- Do You Have the Right Intent?
By Joe Giordano
While right view refers to the cognitive aspect of wisdom, right intention refers to the volitional aspect, i.e. the kind of mental energy that controls our actions. Right intention can be described best as commitment to ethical and mental self-improvement. – – Thomas Knierim, Editor & Webmaster, TheBigView.com
In this article, the second in this series (see links below), we examine how you, your team and your organization can foster collaboration and agility through Right Intent.
In my first blog on the 8-Fold Plan we talked about the First Fold (or step) as having the Right View or understanding; seeing the world and everything in it as it really is, not as we are. The second fold, Right Intent (which enables us to get to the Right View) is about looking into ourselves.
Right Intention begins with looking at our personal motivations and behaviors to truly understanding why we are doing what we are doing. Within Buddhist practice, the quality of life and compassion for all that is life begins within ourselves; Right Intent urges us, compels us, to decide what our heart wants and to recognize that everything we do impacts the quality of life.
This connects with the Synectics practice of focusing on the intent of the self to the betterment of all around us. George Prince, the founder of Synectics, delved into quantum physics by saying that everybody has their own magnetic field and when magnetic fields connect, they actually have memory. If you had a good and positive connection with someone, then when meeting or talking with them again, you can anticipate something good and positive to come out of it.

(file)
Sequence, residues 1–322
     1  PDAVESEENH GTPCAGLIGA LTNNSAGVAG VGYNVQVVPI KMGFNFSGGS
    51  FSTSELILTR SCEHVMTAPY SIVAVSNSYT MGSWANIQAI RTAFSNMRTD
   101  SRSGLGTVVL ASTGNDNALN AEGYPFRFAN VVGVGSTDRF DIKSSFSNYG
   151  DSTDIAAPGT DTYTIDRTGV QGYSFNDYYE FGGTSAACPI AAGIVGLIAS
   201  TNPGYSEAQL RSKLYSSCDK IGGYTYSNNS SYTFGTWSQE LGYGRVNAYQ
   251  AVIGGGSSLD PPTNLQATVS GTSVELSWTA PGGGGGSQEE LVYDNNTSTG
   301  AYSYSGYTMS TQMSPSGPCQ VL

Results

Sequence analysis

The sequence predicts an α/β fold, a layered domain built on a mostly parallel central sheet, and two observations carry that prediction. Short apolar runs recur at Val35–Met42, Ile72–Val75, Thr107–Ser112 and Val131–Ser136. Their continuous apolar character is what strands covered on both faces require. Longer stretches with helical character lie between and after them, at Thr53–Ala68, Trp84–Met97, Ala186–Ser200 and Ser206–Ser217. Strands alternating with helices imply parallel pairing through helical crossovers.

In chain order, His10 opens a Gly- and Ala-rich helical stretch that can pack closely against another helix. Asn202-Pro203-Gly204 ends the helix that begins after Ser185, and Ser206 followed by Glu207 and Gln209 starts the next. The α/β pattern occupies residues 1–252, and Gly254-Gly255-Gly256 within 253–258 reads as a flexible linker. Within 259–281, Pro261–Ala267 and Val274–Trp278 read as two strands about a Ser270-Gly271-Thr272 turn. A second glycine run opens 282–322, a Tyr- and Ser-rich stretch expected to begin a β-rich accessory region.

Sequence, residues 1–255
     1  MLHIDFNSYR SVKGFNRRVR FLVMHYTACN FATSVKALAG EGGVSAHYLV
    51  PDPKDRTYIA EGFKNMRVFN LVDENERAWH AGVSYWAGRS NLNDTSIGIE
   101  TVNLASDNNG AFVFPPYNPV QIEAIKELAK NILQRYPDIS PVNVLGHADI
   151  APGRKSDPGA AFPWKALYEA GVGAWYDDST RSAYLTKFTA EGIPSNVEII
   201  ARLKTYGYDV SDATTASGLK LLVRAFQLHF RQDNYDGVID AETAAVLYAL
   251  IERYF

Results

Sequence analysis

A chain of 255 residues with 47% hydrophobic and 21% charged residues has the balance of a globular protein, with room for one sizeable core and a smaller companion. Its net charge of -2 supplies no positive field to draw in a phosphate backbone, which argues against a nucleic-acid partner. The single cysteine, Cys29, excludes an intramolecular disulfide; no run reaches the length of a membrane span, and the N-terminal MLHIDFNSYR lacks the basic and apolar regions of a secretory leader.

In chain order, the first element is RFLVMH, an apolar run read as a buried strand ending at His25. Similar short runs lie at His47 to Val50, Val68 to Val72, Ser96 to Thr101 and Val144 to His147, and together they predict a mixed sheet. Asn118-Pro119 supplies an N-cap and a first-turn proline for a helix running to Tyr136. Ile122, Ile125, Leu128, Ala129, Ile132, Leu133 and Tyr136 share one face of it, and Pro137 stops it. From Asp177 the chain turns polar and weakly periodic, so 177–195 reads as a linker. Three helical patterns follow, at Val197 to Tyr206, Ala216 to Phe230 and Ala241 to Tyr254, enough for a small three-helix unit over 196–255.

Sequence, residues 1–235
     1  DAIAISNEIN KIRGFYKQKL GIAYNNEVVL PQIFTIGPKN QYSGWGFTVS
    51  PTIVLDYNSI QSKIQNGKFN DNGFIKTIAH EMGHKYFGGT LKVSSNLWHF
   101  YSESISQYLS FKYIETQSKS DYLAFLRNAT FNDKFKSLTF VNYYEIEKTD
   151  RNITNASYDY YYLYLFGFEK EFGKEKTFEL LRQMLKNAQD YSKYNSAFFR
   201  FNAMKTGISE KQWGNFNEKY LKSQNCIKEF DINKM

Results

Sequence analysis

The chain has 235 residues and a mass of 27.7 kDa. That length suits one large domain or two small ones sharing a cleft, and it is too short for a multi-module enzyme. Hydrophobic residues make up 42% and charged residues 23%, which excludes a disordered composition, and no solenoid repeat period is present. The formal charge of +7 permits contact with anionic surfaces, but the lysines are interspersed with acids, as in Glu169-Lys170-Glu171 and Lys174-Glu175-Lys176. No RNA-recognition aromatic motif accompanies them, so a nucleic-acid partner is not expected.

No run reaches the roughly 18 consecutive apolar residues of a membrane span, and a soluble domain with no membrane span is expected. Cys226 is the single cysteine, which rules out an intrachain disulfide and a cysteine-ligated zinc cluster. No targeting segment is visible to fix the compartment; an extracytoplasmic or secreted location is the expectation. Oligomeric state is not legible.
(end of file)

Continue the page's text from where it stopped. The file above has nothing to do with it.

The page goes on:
Much of George Prince’s research was done studying people and interactions. He found that almost 50% of the time, there was a disconnect between the intent of the communication and how it was perceived by the person receiving it. If this is the case, then imagine how much time, physical and mental energy we waste being upset or even angry with someone when we perceive what they said or did as negative.
If, at that at the moment, you tell yourself that “this is the best possible thing that can be happening to me at this time” and you seek ways to turn what you perceive as a negative message (what the Synectics process calls a discount) into a positive experience, the result is a purely positive emotion.
Now, why is this important? When I am in a situation where I have to collaborate and I sense I cannot collaborate with you, then why am I here? On the other hand, if I treat myself well and assume that you are treating me with the utmost, highest positivity, I enable you to be positive, and us put our energy toward working together to increase our output.
Having the Right Intent helps us to increase who we are, in order to share with others.
To get to Right Intent, seek the positive intent in others, and assumes value in the exchange. Start by asking yourself:
- How am I going to feel?
- How am I going to communicate?
- How am I going to work with whoever is in the same room?
- How am I going to treat their ideas AND my own?
A simple, but highly effective tool in the Synectics process in getting to Right Intent is to eliminate the word “but” from our vocabulary and replace it with the word “and.”
- Replacing “but” with “and” actually changes our mental approach to giving feedback and leads us to think differently; I now can accept what is being thrown at me without putting on the brakes, without truly stopping the collaborative voice that we are trying to hold on to. I’m now here for the betterment of both me and the group, and building a spiraling up of cooperation.
Our behaviors have a profound impact on those around us. A study by MIT Sloan (Mary Rowe, Adjunct Professor and Ombudsman) showed we have over 2000 different micro-messages each day; a wave, a smile, or lack thereof. The study also surmised that there were positive messages and negative messages…and it took 10X the number of positive messages to cancel out the negative ones.
With the Right Intent, we can limit our negativity, manage our behaviors, and more importantly manage how our daily occurrences and interactions impact us and the world around us.
Read about all 8 Folds of Collaboration in this series of articles.